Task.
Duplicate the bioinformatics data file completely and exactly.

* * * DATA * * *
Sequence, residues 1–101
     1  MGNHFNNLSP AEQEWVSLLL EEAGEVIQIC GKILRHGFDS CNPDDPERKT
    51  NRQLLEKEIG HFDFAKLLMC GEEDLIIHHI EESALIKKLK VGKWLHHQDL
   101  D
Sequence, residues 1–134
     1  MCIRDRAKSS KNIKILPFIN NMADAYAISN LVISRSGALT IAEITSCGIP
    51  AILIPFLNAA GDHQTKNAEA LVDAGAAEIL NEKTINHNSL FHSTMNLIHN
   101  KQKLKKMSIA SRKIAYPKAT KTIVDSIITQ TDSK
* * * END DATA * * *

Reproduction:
Sequence, residues 1–101
     1  MGNHFNNLSP AEQEWVSLLL EEAGEVIQIC GKILRHGFDS CNPDDPERKT
    51  NRQLLEKEIG HFDFAKLLMC GEEDLIIHHI EESALIKKLK VGKWLHHQDL
   101  D
Sequence, residues 1–134
     1  MCIRDRAKSS KNIKILPFIN NMADAYAISN LVISRSGALT IAEITSCGIP
    51  AILIPFLNAA GDHQTKNAEA LVDAGAAEIL NEKTINHNSL FHSTMNLIHN
   101  KQKLKKMSIA SRKIAYPKAT KTIVDSIITQ TDSK